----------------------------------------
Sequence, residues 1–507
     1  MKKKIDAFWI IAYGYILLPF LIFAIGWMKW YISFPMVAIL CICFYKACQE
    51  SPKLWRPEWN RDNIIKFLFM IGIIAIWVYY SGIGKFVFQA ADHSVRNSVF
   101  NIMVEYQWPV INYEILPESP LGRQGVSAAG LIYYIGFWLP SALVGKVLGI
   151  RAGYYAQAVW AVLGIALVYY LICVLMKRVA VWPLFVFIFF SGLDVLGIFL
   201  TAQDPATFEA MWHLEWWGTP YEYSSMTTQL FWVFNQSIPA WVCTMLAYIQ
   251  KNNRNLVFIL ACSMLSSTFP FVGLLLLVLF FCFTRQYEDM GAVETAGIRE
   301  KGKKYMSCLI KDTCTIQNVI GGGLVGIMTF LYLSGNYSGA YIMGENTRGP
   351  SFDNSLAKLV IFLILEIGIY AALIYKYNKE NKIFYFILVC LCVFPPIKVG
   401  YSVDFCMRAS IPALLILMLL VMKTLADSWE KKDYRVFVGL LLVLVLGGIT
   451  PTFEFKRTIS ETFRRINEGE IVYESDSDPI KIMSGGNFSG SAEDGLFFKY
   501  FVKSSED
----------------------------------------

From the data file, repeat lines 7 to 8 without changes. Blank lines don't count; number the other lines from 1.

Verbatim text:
   251  KNNRNLVFIL ACSMLSSTFP FVGLLLLVLF FCFTRQYEDM GAVETAGIRE
   301  KGKKYMSCLI KDTCTIQNVI GGGLVGIMTF LYLSGNYSGA YIMGENTRGP